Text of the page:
Indiana Attorney General Greg Zoeller announced his support for the proposed legislation during a press conference at Indianapolis Thursday afternoon.
School resource officers usually are full-time law enforcement officers assigned to a school from a local law enforcement agency to focus on overall school safety, assist with student discipline and provide mentoring opportunities.
The legislation Miller filed would create uniformity in the standards and duties for school resource officers. Miller's bill would make grants available to schools that don't currently have a resource officer agreement in place and offer funding support to schools with existing programs, so long as there is local matching funding and the new standards are adopted.
Although the legislation was not originally intended as a response to the Newtown, Conn., tragedy of Dec. 14, Miller and Zoeller noted that the bill would become state government's first formal proposal to address increased school safety in Indiana in the wake of the incident.
"In light of the recent tragic events in Connecticut, we know school safety is a subject parents and the public are very concerned about," Zoeller said. "In a needs assessment researching school safety last fall, educators and law enforcement leaders indicated they would like to make school resource officers available in more schools. Many have asked, 'What can Indiana do now to enhance school safety?' and this is something legislators can do early in 2013."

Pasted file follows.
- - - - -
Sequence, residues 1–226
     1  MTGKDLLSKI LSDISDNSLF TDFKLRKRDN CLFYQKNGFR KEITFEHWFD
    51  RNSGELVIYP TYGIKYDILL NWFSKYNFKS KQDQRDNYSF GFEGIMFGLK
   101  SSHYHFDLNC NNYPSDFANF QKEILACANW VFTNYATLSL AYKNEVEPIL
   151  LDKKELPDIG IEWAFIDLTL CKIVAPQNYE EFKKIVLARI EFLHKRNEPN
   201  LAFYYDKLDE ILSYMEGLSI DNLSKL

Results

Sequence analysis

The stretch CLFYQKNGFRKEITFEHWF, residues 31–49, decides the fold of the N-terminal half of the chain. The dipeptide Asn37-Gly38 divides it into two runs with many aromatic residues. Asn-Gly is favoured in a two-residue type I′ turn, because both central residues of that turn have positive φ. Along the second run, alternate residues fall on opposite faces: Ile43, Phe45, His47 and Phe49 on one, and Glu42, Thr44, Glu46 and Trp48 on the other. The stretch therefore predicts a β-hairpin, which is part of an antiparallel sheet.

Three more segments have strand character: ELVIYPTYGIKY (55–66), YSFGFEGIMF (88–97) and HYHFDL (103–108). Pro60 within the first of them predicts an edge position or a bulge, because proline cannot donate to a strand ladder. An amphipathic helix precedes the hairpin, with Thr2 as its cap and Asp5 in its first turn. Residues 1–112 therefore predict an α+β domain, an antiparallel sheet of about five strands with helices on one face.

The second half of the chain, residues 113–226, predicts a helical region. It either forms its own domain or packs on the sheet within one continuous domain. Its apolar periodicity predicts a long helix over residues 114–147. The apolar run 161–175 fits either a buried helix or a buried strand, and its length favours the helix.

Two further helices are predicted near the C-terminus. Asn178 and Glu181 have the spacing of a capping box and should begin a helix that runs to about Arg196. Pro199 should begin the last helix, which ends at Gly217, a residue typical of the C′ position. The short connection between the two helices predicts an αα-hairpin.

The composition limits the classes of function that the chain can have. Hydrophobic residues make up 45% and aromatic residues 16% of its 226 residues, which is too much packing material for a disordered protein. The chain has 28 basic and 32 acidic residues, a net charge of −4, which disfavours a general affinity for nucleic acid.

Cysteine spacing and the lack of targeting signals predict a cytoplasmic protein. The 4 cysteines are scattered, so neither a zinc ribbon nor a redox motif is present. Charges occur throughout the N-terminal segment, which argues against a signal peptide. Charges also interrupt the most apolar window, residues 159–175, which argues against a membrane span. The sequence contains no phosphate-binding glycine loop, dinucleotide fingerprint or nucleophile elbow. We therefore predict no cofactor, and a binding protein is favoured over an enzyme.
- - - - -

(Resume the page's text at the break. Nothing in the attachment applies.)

"This proposal," Sen. Miller said, "would be a good first step to meet an immediate need and expand resource officers into schools that don't already have them, and still give the Legislature and Executive Branch the opportunity to look at other more long-term comprehensive safety options."
State Superintendent-elect Glenda Ritz says the measure is a boost to school safety and security.
"The Department of Education strives to support and provide our schools, teachers and administrators with all the tools and resources they need to create a safe and positive learning environment for our students," Ritz said.
"And that is why I believe that Attorney General Zoeller's and State Sen. Miller's proposed legislation to support and expand the School Resource Officer program will help in the identification and prevention of bullying, and ensure that our schools, personnel and students are safe and secure. In addition, I will be working with Governor-elect Pence to assess our schools' safety and security protocols," Ritz said.
Miller filed his legislation as Senate Bill 270, which will be considered by the 2013 Indiana General Assembly. Miller is a member of the Senate Education and Career Development Committee.
It is estimated that at least one-quarter to one-third of Indiana school corporations already have resource officers. None of the Putnam County schools has such an officer.
Without a specific definition of the position in state law, resource officers' duties can vary from one school district to another. In some schools, resource officers have a predominantly building security role, in others they assist with student conduct or counseling issues such as misbehavior, and the needs assessment revealed a need for uniformity and desire by stakeholders for a greater utilization of school resource officers.